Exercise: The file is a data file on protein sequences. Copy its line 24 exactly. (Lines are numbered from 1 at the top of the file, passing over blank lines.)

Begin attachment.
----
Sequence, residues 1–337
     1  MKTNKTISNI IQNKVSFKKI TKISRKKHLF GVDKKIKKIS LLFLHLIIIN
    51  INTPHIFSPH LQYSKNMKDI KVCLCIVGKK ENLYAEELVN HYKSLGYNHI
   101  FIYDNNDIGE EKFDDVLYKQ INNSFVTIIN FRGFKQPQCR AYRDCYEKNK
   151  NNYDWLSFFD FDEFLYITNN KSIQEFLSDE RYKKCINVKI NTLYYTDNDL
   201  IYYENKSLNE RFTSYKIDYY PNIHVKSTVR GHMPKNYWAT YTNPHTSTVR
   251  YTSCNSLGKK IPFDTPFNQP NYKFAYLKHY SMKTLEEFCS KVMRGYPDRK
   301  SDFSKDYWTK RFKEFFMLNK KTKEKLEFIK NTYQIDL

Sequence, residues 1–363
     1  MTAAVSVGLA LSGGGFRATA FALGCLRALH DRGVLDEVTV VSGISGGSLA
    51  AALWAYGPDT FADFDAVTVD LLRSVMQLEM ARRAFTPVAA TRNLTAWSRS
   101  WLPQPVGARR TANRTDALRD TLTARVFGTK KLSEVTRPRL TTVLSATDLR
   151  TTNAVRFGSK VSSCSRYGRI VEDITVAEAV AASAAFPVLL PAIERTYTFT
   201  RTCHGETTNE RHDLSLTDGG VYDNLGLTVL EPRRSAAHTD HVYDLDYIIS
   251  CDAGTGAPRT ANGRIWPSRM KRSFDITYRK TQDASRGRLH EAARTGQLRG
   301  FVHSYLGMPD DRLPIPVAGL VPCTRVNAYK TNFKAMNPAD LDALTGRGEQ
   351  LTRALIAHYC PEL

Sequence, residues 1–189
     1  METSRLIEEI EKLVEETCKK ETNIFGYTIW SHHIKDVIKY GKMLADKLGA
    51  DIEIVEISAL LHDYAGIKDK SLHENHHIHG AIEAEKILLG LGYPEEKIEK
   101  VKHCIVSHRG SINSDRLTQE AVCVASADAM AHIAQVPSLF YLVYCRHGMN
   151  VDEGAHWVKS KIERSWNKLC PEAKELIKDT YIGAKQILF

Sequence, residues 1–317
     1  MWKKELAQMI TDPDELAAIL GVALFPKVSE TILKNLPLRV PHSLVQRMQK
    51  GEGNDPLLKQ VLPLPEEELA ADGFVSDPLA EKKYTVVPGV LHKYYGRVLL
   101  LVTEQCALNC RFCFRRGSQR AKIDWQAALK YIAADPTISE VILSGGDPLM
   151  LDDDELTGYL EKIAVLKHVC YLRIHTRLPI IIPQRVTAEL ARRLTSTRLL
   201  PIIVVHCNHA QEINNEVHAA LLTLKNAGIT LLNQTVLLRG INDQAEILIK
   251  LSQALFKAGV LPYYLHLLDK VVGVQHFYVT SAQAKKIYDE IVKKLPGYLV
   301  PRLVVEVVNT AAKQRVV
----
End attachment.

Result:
     1  MWKKELAQMI TDPDELAAIL GVALFPKVSE TILKNLPLRV PHSLVQRMQK